Through interviews with former CIA consultant Chalmers Johnson, Sen. John McCain, retired Air Force Lt. Col. Karen Kwiatkowski and others, Jarecki lays out the history of American policy in the second half of the 20th century, drawing a direct line from the United States’ actions in the Middle East several generations ago to today’s war in Iraq, charting our installation of the Shah of Iran to our support of Saddam Hussein in the 1980s. When Hussein invaded Kuwait, we were wary, but when he entered Saudi Arabia, where floweth the oil, the lifeblood of America, we made him a bad guy. Of course he used to have weapons of mass destruction; we sold them to him. The footage of Donald Rumsfeld and Saddam Hussein shaking hands and posing for a photo op is chilling and nauseating. Jarecki uses interviews and documents to discuss the creation of the Office of Special Plans, an entity whose purpose was to create reasons to claim and publicize a link between Iraq, WMDs and terrorism, and to establish that the current conflict in Iraq is nothing more than the execution of a plan formulated by Rumsfeld, Bush, and Dick Cheney more than a decade ago.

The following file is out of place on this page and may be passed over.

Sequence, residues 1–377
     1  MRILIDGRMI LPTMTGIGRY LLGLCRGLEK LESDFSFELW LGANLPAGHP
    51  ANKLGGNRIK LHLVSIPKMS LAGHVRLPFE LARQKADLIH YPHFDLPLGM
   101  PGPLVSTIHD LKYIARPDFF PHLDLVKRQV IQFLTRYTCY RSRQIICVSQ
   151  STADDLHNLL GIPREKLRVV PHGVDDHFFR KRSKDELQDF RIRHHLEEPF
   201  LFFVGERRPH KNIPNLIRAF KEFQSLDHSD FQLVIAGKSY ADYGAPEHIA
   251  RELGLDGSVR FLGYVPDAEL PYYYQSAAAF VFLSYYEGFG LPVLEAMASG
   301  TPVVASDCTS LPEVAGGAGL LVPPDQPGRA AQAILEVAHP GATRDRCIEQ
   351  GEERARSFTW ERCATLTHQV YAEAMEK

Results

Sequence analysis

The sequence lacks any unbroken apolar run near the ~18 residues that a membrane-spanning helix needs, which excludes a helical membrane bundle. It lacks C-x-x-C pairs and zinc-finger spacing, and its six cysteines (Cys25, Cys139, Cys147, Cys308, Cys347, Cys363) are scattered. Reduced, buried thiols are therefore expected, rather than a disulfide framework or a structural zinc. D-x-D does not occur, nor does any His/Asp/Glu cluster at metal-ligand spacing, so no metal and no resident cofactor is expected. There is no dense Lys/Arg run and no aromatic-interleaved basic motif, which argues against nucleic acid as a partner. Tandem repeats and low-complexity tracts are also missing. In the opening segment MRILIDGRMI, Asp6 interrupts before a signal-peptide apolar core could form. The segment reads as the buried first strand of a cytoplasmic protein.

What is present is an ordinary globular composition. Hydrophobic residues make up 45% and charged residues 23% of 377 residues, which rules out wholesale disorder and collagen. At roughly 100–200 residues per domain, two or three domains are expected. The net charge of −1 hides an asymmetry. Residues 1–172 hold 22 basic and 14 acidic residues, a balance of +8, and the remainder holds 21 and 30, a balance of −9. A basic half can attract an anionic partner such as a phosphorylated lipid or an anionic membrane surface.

Matching the unsettling governmental revelations are the human stories Jarecki tells, none more poignant than that of retired NYPD Sgt. Wilton Sekzer, whose son died in the Sept. 11 attacks. Sekzer is understandably sad and angry, and he believed it when the administration implied through vague gestures that Saddam Hussein was behind the attacks. He even sent out a mass e-mail to local military officials and had his son’s name placed in memoriam on a bomb bound for Baghdad. But when Sekzer saw a news clip in which Bush admitted he had no evidence linking Saddam Hussein with the September 11 attacks, he was shocked. “I’m from the old school,” he says. “Certain people walk on water. The President of the United States is one of those people. If you can’t trust the president, who can you trust?”

Kwiatkowski proves to be the best interview subject for Jarecki because she’s not an outsider criticizing the war but someone who served in the Pentagon on the Middle East desk and has since left out of a moral difference of opinion with our foreign policies. Of all the experts interviewed, her words are the most chilling, as she relays how, at the outset of her assignment to the Pentagon, she realized that “war was going to happen. … It was just a matter of bringing the American people up to speed and getting them behind this effort.” There’s no joy in her voice as she tells what she knows and what she did, emphasizing the military’s instruction to “be a team player.” She goes on: “When the war started in Iraq, I hit a turning point, in where my values as an officer diverged. I had to basically remove myself.”